Monday, 13 April 2015

The devil is in the detail

The devil is in the detail
Many years ago, at a performance review, my then boss noted that he was sometimes frustrated by my attention to detail. I asked him if it was always a problem for him, or just in some case, and he replied that it was just in some cases. I then asked him if he could give me an example of where he'd been frustrated by my attention to detail, which he duly did. I pointed out to him that in that particularly instance, my attention to detail had resulted in avoiding what might otherwise have been a costly problem, and he conceded that this had indeed been the case. I then asked him if he could think of another example of where my attention to detail had frustrated him but where it had not resulted in a good outcome. At that point, he changed the conversation.

I've never really worked out why my attention to detail had frustrated him even though he knew full well that it had delivered results. Perhaps, he was just grumpy about something else altogether.

Whatever the reason, it remains often true that the devil is in the detail.

Strategy is often painted as a subject which concerns big picture, visionary thinking, not detail. However, without sufficient attention to detail, strategies usually flounder. The trick with successful strategies is two-fold:
  1. knowing when to focus on the big picture and vision, and when to focus on the details - striking the right balance between the two,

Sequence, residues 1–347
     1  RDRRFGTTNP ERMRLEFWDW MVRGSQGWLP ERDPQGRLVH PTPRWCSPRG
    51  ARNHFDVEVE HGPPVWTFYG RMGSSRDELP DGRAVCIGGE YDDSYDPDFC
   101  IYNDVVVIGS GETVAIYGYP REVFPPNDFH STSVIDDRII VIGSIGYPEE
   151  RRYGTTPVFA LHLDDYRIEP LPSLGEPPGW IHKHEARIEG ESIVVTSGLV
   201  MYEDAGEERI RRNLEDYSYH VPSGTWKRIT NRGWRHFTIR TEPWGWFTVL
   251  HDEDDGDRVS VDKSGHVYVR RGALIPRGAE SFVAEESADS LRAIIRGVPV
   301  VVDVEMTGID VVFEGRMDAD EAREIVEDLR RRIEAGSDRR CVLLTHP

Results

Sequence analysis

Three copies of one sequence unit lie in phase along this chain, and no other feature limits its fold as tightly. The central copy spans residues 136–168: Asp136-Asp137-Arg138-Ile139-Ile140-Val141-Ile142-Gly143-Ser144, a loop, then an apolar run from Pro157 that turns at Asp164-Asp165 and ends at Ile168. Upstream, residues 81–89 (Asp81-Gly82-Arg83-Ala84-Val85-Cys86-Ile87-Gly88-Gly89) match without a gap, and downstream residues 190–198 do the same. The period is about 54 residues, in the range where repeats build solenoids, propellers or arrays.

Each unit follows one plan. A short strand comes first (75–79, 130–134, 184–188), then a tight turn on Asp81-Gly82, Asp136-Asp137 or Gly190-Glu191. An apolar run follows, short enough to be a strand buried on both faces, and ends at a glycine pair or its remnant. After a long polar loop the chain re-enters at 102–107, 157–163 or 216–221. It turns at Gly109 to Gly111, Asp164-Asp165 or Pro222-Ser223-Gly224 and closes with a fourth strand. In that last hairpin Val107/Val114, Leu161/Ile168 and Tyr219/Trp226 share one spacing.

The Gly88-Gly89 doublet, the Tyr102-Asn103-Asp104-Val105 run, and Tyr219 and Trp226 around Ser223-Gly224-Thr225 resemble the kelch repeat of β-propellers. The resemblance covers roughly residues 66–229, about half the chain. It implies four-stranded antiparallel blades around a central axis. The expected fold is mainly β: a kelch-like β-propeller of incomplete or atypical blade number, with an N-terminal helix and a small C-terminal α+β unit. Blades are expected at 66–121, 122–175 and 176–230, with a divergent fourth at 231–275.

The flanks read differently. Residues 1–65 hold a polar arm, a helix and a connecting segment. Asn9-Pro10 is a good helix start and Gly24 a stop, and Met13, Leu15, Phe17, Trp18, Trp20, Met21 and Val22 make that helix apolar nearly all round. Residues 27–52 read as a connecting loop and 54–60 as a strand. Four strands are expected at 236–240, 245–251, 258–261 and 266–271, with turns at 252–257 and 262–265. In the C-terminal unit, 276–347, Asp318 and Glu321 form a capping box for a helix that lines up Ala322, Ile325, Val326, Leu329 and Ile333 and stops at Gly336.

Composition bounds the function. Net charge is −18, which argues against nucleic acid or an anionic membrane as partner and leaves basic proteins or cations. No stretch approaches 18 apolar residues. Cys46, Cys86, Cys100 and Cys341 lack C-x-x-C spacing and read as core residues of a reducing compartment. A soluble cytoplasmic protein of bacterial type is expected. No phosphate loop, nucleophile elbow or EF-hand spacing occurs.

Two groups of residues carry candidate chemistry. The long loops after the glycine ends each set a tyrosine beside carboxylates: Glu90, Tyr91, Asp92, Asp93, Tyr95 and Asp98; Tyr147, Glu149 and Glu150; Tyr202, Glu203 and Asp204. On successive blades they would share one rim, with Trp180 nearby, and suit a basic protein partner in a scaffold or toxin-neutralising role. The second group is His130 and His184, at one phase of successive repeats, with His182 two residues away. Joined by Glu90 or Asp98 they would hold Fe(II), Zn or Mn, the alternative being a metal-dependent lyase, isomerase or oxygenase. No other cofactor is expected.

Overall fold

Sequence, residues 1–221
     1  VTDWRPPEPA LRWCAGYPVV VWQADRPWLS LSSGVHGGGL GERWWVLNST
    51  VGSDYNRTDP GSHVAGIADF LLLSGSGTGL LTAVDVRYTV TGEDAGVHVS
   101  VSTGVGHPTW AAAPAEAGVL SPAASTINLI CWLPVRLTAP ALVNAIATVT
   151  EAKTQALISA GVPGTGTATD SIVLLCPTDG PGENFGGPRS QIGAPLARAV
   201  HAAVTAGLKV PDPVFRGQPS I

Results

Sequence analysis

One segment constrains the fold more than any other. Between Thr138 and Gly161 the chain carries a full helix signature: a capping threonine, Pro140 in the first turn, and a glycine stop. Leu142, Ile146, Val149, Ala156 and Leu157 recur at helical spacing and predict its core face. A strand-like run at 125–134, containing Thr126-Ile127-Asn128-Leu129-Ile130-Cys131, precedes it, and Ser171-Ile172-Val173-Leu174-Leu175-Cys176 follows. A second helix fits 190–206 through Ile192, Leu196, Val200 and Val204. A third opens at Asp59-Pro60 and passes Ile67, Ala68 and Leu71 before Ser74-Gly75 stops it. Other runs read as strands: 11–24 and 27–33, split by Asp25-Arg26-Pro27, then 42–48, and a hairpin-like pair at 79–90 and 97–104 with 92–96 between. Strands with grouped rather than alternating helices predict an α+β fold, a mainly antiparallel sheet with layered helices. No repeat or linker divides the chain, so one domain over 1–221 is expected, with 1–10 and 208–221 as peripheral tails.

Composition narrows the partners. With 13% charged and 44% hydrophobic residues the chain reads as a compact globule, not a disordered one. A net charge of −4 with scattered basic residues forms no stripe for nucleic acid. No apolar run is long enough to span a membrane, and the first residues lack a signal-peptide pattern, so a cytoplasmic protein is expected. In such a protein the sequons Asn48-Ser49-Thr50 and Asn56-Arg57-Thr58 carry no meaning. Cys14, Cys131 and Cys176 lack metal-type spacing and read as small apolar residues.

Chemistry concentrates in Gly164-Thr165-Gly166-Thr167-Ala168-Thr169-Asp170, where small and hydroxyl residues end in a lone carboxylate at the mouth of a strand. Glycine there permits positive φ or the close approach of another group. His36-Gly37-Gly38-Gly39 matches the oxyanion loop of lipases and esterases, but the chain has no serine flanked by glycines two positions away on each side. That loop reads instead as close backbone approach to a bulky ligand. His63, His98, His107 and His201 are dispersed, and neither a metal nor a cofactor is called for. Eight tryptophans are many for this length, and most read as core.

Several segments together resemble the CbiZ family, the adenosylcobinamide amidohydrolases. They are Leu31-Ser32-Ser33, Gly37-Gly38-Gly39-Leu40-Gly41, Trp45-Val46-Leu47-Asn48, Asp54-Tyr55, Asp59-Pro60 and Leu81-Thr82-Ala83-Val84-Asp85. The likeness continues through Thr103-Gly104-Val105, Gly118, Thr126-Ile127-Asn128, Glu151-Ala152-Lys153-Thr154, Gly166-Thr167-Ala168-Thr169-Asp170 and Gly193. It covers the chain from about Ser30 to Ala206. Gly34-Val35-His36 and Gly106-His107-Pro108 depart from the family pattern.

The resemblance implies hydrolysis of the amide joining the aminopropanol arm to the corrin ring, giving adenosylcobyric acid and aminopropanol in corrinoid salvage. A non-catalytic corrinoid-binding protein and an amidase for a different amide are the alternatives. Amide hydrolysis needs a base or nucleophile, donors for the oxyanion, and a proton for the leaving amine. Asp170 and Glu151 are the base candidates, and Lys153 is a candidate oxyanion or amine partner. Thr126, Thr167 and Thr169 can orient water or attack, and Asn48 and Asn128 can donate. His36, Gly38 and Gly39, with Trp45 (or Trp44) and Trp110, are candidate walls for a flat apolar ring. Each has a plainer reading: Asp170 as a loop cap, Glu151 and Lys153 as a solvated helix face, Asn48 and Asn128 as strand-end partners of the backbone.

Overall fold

and, perhaps more importantly
  2. knowing which details to pay attention to and which to ignore.
Almost by definition, in any strategic problem, there are way too many details to pay attention to all of them. If you try to pay attention to ever single detail you are almost guaranteed to be paralysed into inaction (often known as paralysis by analysis). Knowing which details to pay attention to and which to gloss over is an art as much as it is a science. I doubt anyone gets it right every time - I know I certainly don't - but you can get better at it. Experience is invariably a valuable guide, especially if applied systematically and reflectively. Strategy analysis tools and models also help to cut through the mass of detail to get to the heart of what is truly important.

Of course, models and tools in combination with experience produce the best outcomes. My Manufacturing and Operations lecturer on my MBA programme likened the available analysis tools and models to a mechanics toolbox: an experienced mechanics more quickly concludes when a faulty parts needs tapping rather than tightening and that a hammer will do that better than a spanner; an inexperienced mechanic will take that much longer to work out what the underlying problem is and what tool to use to solve it.

And yet, many people, like then boss seem intent on avoiding the details. Perhaps they lack the right kind of experience, or perhaps they don't know about or how to use the right tools. However, I suspect that it is the people who never obsess of the details that allow organisations to drift from one state of mediocrity to another.